Velocity Reviews - Computer Hardware Reviews

Velocity Reviews > Newsgroups > Programming > Ruby > Update installed gems

Reply
Thread Tools

Update installed gems

 
 
Dale Martenson
Guest
Posts: n/a
 
      08-09-2005
I build my own gems as a way to distribute a variety of utilities where
I work. What is the best way to install updates?

If I distribute a new gem file, provided by email/ftp/web how can a user
install the update? Should they just re-install? "gem update <blah>"
doesn't seem to have a "--local" option. If you place the file in your
current directory, it seems to be ignored and I am not sure how to
specify a gem update file. While "gem install" will automatically look
both for the gem locally and remotely, "gem update" doesn't.

Maybe, this is a bad question since "gem update" is meant to look for
updates that are not locally available. But this doesn't seem consistent
with the way "gem install works".

How difficult is it to implement a simple gem server?





 
Reply With Quote
 
 
 
 
Ezra Zygmuntowicz
Guest
Posts: n/a
 
      08-09-2005

On Aug 9, 2005, at 10:18 AM, Dale Martenson wrote:

> I build my own gems as a way to distribute a variety of utilities
> where I work. What is the best way to install updates?
>
> If I distribute a new gem file, provided by email/ftp/web how can a
> user install the update? Should they just re-install? "gem update
> <blah>" doesn't seem to have a "--local" option. If you place the
> file in your current directory, it seems to be ignored and I am not
> sure how to specify a gem update file. While "gem install" will
> automatically look both for the gem locally and remotely, "gem
> update" doesn't.
>
> Maybe, this is a bad question since "gem update" is meant to look
> for updates that are not locally available. But this doesn't seem
> consistent with the way "gem install works".
>
> How difficult is it to implement a simple gem server?
>
>
>


$ gem_server
On the command line. This serves you rdoc documentation and it can
act as a local gem repository server. I've never set up the local
repo so perhaps someone else can chime in./ But it already has
features to do exactly what you want.
HTH-
-Ezra Zygmuntowicz
Yakima Herald-Republic
WebMaster
509-577-7732
http://www.velocityreviews.com/forums/(E-Mail Removed)



 
Reply With Quote
 
 
 
 
Dale Martenson
Guest
Posts: n/a
 
      08-09-2005

---- Original message from Ezra Zygmuntowicz on 8/9/2005 12:28 PM:

> On Aug 9, 2005, at 10:18 AM, Dale Martenson wrote:
>
>> I build my own gems as a way to distribute a variety of utilities
>> where I work. What is the best way to install updates?
>>
>> If I distribute a new gem file, provided by email/ftp/web how can a
>> user install the update? Should they just re-install? "gem update
>> <blah>" doesn't seem to have a "--local" option. If you place the
>> file in your current directory, it seems to be ignored and I am not
>> sure how to specify a gem update file. While "gem install" will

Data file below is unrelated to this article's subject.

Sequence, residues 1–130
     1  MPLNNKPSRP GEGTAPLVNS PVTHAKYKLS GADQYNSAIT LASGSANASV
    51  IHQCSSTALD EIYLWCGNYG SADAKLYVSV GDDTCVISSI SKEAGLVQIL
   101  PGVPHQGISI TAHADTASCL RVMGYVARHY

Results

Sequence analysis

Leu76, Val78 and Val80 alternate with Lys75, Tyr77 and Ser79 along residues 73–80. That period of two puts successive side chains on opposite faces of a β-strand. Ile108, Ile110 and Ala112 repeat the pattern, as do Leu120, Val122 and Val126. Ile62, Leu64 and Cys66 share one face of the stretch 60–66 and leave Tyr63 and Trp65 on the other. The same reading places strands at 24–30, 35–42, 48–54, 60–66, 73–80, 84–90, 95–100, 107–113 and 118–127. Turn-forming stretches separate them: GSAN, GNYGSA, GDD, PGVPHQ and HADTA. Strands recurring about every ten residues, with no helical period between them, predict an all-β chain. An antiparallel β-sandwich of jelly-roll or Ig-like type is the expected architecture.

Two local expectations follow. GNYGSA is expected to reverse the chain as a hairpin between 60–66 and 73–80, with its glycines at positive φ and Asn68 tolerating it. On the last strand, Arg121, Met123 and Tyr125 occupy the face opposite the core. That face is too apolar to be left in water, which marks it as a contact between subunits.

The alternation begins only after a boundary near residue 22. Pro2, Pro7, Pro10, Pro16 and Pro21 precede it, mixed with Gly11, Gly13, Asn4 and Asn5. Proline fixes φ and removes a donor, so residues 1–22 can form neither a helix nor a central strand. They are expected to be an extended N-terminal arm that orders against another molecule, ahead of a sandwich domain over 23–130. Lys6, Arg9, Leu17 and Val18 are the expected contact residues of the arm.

>> automatically look both for the gem locally and remotely, "gem
>> update" doesn't.
>>
>> Maybe, this is a bad question since "gem update" is meant to look
>> for updates that are not locally available. But this doesn't seem
>> consistent with the way "gem install works".
>>
>> How difficult is it to implement a simple gem server?

>
>
> $ gem_server
> On the command line. This serves you rdoc documentation and it can
> act as a local gem repository server. I've never set up the local
> repo so perhaps someone else can chime in./ But it already has
> features to do exactly what you want.
>

I will give that a try, but it seems like it is meant to serve your
installed gems. If someone wanted to host and variety of gems (different
versions of gems -- stable, bleeding edge, etc.), I don't think
"gem_server" is the answer. Any ideas what is? Or am I understanding
this incorrectly.




 
Reply With Quote
 
Chad Fowler
Guest
Posts: n/a
 
      08-10-2005
On 8/9/05, Dale Martenson <(E-Mail Removed)> wrote:
>=20
> ---- Original message from Ezra Zygmuntowicz on 8/9/2005 12:28 PM:
>=20
> > On Aug 9, 2005, at 10:18 AM, Dale Martenson wrote:
> >
> >> I build my own gems as a way to distribute a variety of utilities
> >> where I work. What is the best way to install updates?
> >>
> >> If I distribute a new gem file, provided by email/ftp/web how can a
> >> user install the update? Should they just re-install? "gem update
> >> <blah>" doesn't seem to have a "--local" option. If you place the
> >> file in your current directory, it seems to be ignored and I am not
> >> sure how to specify a gem update file. While "gem install" will
> >> automatically look both for the gem locally and remotely, "gem
> >> update" doesn't.
> >>
> >> Maybe, this is a bad question since "gem update" is meant to look
> >> for updates that are not locally available. But this doesn't seem
> >> consistent with the way "gem install works".
> >>
> >> How difficult is it to implement a simple gem server?

> >
> >
> > $ gem_server
> > On the command line. This serves you rdoc documentation and it can